Make sure stock is appealing

Children report using the library more when the titles stocked appeal to them or are interesting- pupils will actively turn away from the library if they perceive the materials available to them as uninteresting or unappealing. Capture their interest and attention in the library by ensuring that you hold appropriate stock. Reading fresh, contemporary, diverse voices that deal with topics that can be challenging, can help children cope with what is happening in their lives.

Offer diverse texts on a variety of issues

The Reading Agency’s Reading Well booklists, National Literacy Trust’s Wellbeing booklists, and EmpathyLab’s annual booklist can assist children managing with neurodiverse needs, or struggling over family problems, over identity of gender, sex or race, and allow others to become more empathetic.

Seek feedback and input from your pupils

Pupil voice is a vital part of a successful library. The sense that their opinions and suggestions are valued increases pupils’ feelings of ownership, and increases confidence and enjoyment in engaging with the space.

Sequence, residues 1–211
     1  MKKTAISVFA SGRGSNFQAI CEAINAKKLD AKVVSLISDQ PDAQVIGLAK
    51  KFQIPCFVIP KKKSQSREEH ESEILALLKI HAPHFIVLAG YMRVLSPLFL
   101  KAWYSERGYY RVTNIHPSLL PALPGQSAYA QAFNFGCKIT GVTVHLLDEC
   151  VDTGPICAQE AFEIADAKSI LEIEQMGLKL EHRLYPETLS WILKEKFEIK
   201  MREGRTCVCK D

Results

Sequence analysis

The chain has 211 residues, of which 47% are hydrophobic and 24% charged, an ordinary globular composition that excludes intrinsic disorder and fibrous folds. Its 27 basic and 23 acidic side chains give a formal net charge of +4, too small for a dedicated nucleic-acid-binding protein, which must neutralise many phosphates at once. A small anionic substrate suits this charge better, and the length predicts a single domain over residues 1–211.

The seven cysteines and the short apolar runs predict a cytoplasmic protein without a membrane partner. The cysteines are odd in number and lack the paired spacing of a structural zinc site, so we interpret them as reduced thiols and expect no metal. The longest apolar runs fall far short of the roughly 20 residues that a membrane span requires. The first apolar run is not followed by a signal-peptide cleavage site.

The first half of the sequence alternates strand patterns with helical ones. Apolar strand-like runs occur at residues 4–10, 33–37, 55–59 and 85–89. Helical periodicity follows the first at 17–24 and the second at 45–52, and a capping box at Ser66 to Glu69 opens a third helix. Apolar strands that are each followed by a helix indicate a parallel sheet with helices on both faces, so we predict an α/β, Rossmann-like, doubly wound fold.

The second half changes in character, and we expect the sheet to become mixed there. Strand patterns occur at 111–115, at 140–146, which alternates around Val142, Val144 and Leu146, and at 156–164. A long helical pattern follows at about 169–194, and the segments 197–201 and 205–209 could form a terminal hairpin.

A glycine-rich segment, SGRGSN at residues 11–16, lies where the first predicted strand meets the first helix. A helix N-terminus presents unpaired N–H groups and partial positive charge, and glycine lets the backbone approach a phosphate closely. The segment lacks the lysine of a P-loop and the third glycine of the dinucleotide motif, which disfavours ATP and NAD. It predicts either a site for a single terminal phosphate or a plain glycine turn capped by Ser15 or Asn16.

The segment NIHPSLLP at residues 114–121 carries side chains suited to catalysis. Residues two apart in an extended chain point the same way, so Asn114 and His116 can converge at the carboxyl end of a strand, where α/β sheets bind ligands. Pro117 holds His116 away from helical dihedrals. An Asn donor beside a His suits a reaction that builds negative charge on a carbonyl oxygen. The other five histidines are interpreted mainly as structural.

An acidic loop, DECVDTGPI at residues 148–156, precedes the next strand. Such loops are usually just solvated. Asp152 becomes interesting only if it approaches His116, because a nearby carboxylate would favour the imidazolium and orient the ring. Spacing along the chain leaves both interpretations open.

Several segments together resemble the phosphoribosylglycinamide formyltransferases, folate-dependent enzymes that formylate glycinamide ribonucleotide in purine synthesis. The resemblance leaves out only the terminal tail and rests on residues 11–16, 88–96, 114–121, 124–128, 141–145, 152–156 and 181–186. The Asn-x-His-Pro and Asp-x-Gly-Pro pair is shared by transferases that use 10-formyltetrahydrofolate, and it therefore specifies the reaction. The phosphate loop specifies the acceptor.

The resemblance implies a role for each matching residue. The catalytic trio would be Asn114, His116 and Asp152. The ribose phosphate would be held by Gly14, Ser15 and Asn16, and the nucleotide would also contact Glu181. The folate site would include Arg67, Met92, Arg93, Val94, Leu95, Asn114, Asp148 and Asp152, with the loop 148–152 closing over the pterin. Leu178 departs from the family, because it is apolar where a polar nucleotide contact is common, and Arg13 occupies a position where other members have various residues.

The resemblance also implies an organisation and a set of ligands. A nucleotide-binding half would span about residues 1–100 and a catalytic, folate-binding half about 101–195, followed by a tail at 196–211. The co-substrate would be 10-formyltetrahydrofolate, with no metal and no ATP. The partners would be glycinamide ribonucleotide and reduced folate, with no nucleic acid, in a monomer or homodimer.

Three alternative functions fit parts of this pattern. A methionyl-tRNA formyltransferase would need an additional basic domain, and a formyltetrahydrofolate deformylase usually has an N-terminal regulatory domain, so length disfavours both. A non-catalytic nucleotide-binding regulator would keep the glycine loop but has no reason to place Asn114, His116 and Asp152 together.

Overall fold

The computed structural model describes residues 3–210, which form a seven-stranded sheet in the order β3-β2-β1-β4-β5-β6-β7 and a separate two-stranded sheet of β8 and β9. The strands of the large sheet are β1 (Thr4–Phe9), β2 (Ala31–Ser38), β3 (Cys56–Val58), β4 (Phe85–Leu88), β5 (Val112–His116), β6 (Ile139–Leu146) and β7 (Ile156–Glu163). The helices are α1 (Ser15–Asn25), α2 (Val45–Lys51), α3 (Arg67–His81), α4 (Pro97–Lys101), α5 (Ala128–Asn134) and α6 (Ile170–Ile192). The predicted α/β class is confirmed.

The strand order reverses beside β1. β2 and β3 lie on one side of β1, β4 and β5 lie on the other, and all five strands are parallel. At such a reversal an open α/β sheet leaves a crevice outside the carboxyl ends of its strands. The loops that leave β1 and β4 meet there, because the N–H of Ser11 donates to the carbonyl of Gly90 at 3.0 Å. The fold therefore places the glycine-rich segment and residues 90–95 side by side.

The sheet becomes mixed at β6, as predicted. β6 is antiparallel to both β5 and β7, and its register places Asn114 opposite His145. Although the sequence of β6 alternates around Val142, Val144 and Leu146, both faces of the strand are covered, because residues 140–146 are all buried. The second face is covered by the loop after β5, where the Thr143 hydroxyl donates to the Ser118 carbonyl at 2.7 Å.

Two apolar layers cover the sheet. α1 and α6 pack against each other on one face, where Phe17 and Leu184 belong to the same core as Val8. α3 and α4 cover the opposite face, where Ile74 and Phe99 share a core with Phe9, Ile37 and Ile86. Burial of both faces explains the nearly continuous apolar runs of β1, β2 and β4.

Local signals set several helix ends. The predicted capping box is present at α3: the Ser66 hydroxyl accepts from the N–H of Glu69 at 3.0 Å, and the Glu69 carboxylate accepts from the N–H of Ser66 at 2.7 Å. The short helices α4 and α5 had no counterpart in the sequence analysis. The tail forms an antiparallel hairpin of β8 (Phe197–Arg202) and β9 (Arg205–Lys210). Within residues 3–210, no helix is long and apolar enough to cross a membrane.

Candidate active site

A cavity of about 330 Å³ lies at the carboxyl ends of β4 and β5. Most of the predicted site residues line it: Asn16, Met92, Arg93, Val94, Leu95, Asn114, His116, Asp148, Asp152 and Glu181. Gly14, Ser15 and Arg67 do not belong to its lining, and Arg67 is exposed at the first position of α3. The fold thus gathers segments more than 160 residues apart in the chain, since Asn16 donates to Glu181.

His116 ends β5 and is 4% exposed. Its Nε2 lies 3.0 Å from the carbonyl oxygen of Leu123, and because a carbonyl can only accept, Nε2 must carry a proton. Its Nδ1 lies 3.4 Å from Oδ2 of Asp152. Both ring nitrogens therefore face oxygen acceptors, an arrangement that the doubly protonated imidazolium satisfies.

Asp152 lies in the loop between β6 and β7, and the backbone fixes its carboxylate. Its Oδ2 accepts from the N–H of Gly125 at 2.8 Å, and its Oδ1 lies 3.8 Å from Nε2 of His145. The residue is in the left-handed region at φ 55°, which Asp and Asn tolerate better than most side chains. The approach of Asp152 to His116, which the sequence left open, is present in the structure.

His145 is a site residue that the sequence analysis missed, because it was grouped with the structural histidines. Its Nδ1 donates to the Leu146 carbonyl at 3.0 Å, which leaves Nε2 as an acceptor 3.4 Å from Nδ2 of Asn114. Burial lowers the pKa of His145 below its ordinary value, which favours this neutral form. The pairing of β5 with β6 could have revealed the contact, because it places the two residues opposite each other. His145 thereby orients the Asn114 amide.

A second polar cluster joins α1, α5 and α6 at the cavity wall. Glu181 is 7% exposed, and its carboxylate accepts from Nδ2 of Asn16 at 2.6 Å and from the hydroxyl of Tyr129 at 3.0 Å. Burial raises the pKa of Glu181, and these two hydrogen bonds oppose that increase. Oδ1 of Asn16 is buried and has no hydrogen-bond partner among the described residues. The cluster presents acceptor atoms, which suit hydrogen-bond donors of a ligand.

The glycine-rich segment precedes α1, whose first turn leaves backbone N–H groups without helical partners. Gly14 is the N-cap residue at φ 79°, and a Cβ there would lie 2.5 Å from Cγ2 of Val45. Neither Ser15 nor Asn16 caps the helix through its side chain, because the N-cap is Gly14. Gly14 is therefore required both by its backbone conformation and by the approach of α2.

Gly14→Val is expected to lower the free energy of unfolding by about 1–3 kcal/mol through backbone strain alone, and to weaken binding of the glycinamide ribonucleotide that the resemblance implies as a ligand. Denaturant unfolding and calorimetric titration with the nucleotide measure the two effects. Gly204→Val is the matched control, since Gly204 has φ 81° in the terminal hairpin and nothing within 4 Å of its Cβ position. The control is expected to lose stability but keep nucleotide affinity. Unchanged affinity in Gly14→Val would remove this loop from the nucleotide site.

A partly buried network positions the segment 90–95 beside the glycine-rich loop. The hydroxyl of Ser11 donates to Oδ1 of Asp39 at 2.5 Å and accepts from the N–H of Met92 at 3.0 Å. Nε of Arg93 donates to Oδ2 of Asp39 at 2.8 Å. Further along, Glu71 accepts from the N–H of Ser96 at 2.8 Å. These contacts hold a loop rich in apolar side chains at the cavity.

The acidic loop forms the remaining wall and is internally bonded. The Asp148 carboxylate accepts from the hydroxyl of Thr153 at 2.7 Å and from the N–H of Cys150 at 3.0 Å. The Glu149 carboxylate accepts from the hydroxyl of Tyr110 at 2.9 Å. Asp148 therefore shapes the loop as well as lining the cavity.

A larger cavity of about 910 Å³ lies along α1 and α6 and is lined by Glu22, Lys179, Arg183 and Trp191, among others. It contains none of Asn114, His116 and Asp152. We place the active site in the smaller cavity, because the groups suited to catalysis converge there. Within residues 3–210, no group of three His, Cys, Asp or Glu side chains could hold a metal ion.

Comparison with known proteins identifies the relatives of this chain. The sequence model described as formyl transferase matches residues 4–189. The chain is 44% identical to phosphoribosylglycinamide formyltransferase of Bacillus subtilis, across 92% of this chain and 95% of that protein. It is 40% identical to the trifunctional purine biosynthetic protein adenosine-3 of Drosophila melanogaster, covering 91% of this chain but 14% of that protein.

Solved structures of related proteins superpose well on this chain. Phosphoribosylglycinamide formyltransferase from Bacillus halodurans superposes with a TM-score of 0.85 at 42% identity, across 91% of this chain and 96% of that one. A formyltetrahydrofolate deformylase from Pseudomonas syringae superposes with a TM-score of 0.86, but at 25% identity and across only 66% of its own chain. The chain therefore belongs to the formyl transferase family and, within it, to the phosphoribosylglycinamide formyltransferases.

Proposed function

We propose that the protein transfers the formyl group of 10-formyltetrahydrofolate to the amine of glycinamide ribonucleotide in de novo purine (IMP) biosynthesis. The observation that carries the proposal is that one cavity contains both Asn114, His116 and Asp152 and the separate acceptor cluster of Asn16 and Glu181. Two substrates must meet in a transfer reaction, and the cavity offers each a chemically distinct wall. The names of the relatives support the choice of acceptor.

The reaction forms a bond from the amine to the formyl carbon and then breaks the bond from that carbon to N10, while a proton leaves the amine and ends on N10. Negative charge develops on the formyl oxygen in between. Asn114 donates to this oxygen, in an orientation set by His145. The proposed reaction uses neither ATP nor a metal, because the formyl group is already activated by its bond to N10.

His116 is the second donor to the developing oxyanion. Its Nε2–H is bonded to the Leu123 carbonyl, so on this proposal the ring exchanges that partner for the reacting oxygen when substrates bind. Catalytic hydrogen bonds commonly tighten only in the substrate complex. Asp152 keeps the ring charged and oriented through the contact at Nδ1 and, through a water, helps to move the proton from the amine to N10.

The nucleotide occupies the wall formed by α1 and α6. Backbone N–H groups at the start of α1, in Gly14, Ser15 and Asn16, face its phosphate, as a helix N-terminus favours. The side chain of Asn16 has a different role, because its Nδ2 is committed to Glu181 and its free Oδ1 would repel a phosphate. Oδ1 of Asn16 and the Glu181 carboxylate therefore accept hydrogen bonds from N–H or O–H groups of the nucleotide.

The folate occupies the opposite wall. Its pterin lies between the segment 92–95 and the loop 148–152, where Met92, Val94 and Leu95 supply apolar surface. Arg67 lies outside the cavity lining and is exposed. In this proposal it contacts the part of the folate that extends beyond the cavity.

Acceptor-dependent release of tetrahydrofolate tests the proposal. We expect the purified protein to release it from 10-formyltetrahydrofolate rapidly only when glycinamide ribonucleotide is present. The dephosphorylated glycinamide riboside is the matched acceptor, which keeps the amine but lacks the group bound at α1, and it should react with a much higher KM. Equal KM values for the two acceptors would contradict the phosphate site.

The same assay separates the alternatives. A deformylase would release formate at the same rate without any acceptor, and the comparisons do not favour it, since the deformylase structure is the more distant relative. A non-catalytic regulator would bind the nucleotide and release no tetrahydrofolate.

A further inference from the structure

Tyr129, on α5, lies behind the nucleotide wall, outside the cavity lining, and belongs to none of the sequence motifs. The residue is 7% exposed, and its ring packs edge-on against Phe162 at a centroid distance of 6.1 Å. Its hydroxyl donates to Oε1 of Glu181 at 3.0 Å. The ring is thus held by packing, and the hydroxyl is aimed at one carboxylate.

The SLA has partnered with Bounce Together which enables schools to survey pupils about their attitudes to reading to allow tailored interventions and strategies to help.

The SLA have produced a guideline publication on Pupil Wellbeing and Mental Health with a wealth of ideas. The school library can support wellbeing in such significant and joyful ways- do make the most of this opportunity which in the long run supports the mental wellbeing of the next generation.

*The SLA is delighted to offer NLT readers a 10% discount off Establishing a Primary School Library until 31 March 2024 using promotions code NLTPrimary10 when ordered through the SLA online shop.